Modernista

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  1. Thanks. I'll post again on this when I find out more.
  2. Just by way of a postscript here is a pic of the possible french drain. I can't dig it out to inspect the layers underneath until I own the place next month but it does look like the stones aren't set in any mortar or grout - so it looks as if you are right about the decades of muck - thank you! The alignment isn't directly under the roof run off (see the wet line in the pic) but presumably that reduces the chance of any gravel infill etc being eroded by falling water. Looks like a maintenance job required - but I'll also need to find out where it goes as the foul drains are choked with tree roots and any drain runs from these french drains to any soakaway will be no different probably..... These are only present where there is paving. Elsewhere the run off is direct to ground (although again it may be that any original french drains are just covered with layers of general leaf and soil debris.)
  3. Will do, thanks very much. Will post a picture next time I'm at the site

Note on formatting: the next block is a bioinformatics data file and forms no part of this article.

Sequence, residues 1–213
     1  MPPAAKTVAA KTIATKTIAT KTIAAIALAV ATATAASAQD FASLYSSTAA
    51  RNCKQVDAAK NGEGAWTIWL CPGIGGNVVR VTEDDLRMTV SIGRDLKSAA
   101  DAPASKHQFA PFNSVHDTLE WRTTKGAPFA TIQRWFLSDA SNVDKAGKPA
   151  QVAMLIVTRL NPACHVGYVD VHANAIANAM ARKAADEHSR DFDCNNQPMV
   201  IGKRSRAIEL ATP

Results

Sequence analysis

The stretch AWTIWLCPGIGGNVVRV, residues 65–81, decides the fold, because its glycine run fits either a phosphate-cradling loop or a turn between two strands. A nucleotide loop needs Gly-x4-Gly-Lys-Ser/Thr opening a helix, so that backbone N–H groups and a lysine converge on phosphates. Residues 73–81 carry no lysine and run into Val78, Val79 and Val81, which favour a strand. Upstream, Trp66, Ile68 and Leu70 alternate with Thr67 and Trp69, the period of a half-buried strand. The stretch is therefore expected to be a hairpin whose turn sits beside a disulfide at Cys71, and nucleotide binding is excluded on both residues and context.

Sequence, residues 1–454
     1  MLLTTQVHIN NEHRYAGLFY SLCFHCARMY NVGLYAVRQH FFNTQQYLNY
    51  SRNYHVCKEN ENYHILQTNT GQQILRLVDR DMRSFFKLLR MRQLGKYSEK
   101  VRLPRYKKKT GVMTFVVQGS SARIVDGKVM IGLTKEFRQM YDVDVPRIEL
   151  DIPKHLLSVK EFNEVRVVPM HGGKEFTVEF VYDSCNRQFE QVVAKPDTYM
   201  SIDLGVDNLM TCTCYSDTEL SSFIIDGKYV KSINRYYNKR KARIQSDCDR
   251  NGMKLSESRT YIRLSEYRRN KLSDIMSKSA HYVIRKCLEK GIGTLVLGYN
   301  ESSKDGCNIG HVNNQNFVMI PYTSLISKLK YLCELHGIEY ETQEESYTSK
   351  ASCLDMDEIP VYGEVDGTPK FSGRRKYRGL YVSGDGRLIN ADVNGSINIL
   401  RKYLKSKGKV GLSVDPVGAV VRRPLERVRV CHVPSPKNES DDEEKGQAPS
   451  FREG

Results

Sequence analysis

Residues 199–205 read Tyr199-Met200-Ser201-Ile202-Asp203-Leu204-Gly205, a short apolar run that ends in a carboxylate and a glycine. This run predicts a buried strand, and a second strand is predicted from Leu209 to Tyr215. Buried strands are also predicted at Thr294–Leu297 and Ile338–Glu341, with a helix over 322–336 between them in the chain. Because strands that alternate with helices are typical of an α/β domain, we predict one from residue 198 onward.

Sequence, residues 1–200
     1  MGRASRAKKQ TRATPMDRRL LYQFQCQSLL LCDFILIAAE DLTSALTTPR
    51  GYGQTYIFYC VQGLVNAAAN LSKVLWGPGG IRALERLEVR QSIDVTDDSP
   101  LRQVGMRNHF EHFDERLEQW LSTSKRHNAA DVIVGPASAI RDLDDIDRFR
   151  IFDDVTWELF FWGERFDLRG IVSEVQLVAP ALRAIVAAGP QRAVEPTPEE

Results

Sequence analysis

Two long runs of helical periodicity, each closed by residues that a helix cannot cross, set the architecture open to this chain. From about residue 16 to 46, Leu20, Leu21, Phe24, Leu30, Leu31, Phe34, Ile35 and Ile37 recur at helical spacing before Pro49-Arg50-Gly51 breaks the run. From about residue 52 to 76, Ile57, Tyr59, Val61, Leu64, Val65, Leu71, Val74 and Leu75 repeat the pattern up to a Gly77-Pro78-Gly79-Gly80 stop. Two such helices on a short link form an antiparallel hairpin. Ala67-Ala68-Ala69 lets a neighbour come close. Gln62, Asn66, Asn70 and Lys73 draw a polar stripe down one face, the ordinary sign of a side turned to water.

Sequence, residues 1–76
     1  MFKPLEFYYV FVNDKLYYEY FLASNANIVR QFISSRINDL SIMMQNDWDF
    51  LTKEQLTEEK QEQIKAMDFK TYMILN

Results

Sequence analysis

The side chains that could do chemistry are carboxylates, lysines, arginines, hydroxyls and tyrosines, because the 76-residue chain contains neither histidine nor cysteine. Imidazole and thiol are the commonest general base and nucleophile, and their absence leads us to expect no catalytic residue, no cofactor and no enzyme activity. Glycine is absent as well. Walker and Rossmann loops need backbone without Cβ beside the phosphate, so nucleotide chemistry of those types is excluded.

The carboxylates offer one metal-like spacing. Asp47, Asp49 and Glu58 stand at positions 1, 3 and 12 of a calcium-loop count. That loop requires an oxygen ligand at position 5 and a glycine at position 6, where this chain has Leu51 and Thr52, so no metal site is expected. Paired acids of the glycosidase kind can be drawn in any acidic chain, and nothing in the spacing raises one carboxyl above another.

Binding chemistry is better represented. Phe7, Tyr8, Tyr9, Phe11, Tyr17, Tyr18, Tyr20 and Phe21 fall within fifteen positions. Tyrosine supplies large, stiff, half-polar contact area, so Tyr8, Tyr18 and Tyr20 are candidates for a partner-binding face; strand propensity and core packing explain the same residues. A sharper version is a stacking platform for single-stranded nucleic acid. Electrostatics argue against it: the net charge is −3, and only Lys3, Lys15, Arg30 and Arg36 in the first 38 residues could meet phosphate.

4. Thanks, that's really helpful. I'll need to investigate further in terms of the possibility of french drains and any existing soakaway. In some areas the water discharges onto what looks like a 400mm wide strip covered with large pebbles - but they appear to be set in mortar of some sort rather than loose / granular but perhaps the mortar is permeable (or at some point has been a french drain now covered over) but that's got me thinking - and as you say I'm sure the level of pragmatism varies greatly in terms of building inspectors and this type of thing. Thanks again.
  5. This is probably a silly additional question but it seems to fit in the context of the discussion. The existing house we are about to refurbish has no gutters. So rainwater runs straight off onto the ground as a 'design feature'. The eaves projection is around 600mm (see pic) so the waterfall that ensues is discharged away from the walls and there is an additional projecting shelter above the external doorways to avoid getting soaked as you come and go in the rain. I've been wondering seeing various posts here if we can anticipate the LA (Scotland) not being happy with that and if as soon as we submit plans we'll have to manage rainwater according to current regs. That would be costly and challenging, but not impossible and I'd rather avoid it if I can. In heavy rain the water discharged doesn't seem to pond anywhere - it runs away into the surrounding garden, which is heavily wooded. So I guess my question is if you don't collect rainwater from roofs at all, might we be required to and then deal with it via a new soakaway etc?
  6. Thanks Dave - yes that would make sense given that this house doesn't lend itself to such things as an attached vent pipe - the eaves projection is is about 500mm for a start. It just seemed so disconnected - but perhaps just concerns re smell etc